A major limitation of nutritional science is the objective assessment of dietary intake in free-living populations. Monitoring individuals response to policy recommendations is based on self-reported dietary assessment tools, which are known to have high misreporting rates estimated at 3088%. We have developed a novel analytical pipeline capable to classify people into consumers of a healthy or unhealthy diet based on urinary metabolic patterns, without relying on recorded food intake.
Here we aim to apply this methodology based on metabolic profiling to objectively monitor adherence to diet guidelines for free living people over time.
Methods: We conducted a randomised controlled clinical trial. 19 volunteers attended to a clinical research unit to follow four-dietary intervention representing 25, 50, 75 and 100% of adherence to WHO-healthy eating recommendations to increase fruits, vegetables, carbohydrates, dietary fibre and to decrease total fats, sugars, and salt, etc. A cohort of 20 volunteers collected spot urine samples once a week for 6 months and a matching 24-h food diaries for each day of the sample collection. Metabolic profiles were measured by 1H-NMR spectroscopy.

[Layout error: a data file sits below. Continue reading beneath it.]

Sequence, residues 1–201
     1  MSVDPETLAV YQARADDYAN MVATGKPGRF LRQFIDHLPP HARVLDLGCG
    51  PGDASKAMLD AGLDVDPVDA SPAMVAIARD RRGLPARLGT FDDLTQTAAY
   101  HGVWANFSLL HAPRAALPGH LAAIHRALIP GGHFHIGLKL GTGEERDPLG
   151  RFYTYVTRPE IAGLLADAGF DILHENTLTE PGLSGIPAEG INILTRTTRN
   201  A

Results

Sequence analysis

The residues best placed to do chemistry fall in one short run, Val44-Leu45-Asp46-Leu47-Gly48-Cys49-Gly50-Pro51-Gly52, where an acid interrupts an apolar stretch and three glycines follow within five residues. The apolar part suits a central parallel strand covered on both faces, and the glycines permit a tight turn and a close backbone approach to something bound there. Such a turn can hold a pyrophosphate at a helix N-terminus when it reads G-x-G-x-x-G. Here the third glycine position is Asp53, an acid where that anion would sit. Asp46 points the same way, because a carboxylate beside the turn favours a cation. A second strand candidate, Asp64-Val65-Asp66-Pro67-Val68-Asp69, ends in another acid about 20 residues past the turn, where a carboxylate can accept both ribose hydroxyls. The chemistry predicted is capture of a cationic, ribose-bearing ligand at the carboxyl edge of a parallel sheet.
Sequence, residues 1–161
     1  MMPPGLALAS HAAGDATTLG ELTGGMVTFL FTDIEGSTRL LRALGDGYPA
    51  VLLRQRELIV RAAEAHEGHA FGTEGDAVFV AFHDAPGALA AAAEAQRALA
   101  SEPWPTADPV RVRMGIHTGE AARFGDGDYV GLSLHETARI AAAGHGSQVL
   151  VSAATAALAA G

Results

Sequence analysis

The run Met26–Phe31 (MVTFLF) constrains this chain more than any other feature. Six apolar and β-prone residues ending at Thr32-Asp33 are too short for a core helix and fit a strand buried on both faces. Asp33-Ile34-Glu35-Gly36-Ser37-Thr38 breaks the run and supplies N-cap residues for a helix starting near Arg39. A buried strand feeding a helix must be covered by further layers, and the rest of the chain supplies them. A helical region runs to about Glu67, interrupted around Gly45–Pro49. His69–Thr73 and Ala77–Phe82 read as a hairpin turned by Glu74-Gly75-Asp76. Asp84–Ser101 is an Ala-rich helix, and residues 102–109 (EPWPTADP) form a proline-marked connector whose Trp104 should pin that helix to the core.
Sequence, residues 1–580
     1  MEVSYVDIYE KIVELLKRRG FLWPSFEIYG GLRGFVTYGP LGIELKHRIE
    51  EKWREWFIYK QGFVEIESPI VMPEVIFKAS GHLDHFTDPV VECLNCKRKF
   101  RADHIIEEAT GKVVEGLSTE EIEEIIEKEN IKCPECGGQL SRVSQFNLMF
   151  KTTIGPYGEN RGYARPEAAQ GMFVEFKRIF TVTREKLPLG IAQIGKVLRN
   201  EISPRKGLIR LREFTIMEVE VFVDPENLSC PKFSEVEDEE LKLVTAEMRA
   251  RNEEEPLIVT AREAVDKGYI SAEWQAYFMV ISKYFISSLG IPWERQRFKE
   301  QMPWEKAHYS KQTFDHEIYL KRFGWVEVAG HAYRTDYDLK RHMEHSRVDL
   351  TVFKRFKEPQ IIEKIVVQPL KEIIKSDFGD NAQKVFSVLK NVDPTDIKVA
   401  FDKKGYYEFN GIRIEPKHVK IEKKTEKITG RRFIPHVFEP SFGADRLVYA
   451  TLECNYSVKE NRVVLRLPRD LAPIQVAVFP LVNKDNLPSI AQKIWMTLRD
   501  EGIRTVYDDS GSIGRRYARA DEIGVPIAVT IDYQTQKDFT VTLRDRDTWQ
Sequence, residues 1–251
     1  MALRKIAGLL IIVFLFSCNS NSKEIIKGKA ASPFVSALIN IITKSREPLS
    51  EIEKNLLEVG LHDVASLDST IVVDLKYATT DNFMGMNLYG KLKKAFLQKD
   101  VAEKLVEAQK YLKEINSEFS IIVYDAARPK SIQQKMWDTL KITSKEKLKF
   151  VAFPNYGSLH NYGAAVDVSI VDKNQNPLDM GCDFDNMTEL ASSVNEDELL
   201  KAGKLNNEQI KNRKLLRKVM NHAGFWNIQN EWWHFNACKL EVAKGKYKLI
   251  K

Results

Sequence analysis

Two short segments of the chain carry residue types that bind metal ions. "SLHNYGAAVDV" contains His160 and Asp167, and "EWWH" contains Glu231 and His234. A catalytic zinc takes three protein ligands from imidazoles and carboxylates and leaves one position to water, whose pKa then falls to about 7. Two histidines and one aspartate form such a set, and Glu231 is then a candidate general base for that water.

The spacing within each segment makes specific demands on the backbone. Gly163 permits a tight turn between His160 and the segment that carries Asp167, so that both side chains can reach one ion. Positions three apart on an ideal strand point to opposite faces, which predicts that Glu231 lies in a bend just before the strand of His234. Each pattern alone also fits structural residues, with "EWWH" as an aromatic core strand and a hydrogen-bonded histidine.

Results: Analysis of 1H-NMR spectroscopy data indicated significant differences in the urinary metabolic profiles of the four diets. These were used to predict the healthiness of the dietary habits of free-living people and tracking adherence to healthy eating recommendations over time.
Conclusions: This study demonstrates that a urinary metabolic profile developed in a highly controlled environment, independent of recorded food intake, can classify people into consumers of a healthy or unhealthy diet based on urinary metabolic patterns. This can be used for the objective monitoring of adherence over time to healthful diets in a population setting.